June 25, 2002 - Statement at the Senate Hearings: NPCA President Dane Smith: The NPCA supports the bill and intends "to work hard for its passage"

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By Admin1 (admin) on Wednesday, June 26, 2002 - 11:17 pm: Edit Post

NPCA President Dane Smith: The NPCA supports the bill and intends "to work hard for its passage"


Six months ago PCOL began coverage of the new Peace Corps legislation that Senator Dodd and Congressmen Farr and Udall were preparing. On April 4, Congressman Sam Farr announced his proposal for legislation including Peace Corps independence from Freedom Corps, the Shriver Peace Fund, increased Peace Corps Support Staff, and a robust Peace Corps advisory board. On May 20, the first version of the legislation became available for comment and we reported on it and provided comment on the legislation and an exclusive interview with Congressman Farr on the legislation. On June 16, Senator Chris Dodd announced he would be introducing the new legislation in the Senate and provided another draft version which we analyzed and commented on.

Now the legislation has been introduced into both houses of Congress and on June 25, Senator Dodd held hearings in his Senate Subcommittee which has jurisdiction over the Peace Corps and we were there to provide coverage of the hearings. Please read this special report which includes a copy of the final bill as it was introduced in the Senate, our reporting on the hearings, a report on the hearings from the Orange County Register and from John Coyne and the statements of the following five individuals who were invited by Senator Dodd's office to testify on the bill.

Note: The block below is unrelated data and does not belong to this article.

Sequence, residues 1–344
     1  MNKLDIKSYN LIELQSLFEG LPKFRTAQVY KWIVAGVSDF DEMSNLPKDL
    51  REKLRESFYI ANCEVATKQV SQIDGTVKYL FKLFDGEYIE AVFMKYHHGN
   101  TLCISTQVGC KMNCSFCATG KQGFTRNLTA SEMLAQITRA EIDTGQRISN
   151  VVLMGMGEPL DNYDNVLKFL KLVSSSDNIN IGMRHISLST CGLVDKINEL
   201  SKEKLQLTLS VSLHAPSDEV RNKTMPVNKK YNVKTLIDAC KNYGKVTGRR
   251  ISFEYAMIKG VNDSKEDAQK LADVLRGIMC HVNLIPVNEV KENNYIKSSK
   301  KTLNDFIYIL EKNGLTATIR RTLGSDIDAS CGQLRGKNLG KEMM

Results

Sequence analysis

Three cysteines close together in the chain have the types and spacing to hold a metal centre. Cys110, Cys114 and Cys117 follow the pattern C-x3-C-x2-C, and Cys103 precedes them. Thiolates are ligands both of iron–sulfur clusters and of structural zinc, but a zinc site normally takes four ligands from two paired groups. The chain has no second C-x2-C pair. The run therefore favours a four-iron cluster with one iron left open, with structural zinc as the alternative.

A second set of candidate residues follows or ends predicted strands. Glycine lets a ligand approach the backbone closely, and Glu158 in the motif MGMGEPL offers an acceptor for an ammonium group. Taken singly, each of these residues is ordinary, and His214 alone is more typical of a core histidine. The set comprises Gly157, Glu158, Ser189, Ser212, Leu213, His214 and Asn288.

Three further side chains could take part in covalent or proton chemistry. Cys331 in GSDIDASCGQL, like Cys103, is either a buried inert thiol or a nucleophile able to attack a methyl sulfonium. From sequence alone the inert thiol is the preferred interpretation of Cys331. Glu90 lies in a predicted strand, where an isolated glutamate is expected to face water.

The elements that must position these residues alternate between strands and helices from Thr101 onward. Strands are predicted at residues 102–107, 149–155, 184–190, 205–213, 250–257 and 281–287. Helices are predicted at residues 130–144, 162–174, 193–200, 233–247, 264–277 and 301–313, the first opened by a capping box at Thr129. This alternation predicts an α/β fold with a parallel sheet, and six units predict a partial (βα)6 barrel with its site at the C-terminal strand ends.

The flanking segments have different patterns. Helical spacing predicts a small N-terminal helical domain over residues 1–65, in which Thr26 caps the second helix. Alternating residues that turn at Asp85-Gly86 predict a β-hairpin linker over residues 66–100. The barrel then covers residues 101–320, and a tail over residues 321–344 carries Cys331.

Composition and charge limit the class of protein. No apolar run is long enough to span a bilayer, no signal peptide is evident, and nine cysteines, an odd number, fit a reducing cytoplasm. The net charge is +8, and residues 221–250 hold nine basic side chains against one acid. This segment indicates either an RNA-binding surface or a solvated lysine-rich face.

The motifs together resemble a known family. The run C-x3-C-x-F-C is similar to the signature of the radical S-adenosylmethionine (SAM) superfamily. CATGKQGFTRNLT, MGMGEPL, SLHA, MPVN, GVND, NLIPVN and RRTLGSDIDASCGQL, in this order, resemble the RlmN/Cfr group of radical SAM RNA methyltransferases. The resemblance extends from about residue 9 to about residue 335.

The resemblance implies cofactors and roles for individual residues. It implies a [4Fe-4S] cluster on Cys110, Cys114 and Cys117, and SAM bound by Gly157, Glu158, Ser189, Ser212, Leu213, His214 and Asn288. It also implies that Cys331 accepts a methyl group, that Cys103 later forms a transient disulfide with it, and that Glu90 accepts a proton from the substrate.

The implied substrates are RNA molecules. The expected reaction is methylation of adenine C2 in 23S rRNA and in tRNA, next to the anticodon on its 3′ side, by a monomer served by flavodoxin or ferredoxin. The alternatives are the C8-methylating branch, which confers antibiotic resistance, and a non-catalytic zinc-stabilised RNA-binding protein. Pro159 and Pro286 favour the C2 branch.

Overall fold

Gaddi Vasquez, Director of the Peace Corps

RPCV Mark Schneider, Former Peace Corps Director and Senior Vice President of the International Crisis Group

RPCV Dane Smith, President of the National Peace Corps Association (NPCA)

RPCV John Coyne, founder and editor of the Peace Corps Writers and co-founder of the Peace Corps Fund

RPCV Barbara Ferris, President of the International Women's Democracy Center and co-founder of the Peace Corps Fund
Read and comment on the prepared statement by Dane Smith on the New Peace Corps legislation at:

The Peace Corps Charter for the 21st Century Act:*

* This link was active on the date it was posted. PCOL is not responsible for broken links which may have changed.

The Peace Corps Charter for the 21st Century Act:

Views of the National Peace Corps Association

Statement by Dane F. Smith, President, NPCA

June 25, 2002

Mr. Chairman, I am Dane Smith, President of the National Peace Corps Association. It is an honor to appear before this Subcommittee to represent the National Peace Corps Association and its membership. The NPCA, a 501(c)(3) organization, founded in 1979 as the National Council of Returned Peace Corps Volunteers and incorporated in the State of North Carolina, is the only national organization which represents Returned Peace Corps Volunteers (RPCVs), former Staff of the Peace Corps and Friends of the Peace Corps. The NPCA has 15,000 members in all 50 states and has 141 affiliate Peace Corps alumni groups in 44 of the 50 states. The NPCA carries out programs in global education, service, and peace-building and has just launched a Microenterprise Program, in collaboration with the Foundation for International Community Assistance (FINCA) and the Calvert Foundation, which promotes investment in micro-lending programs in poor countries.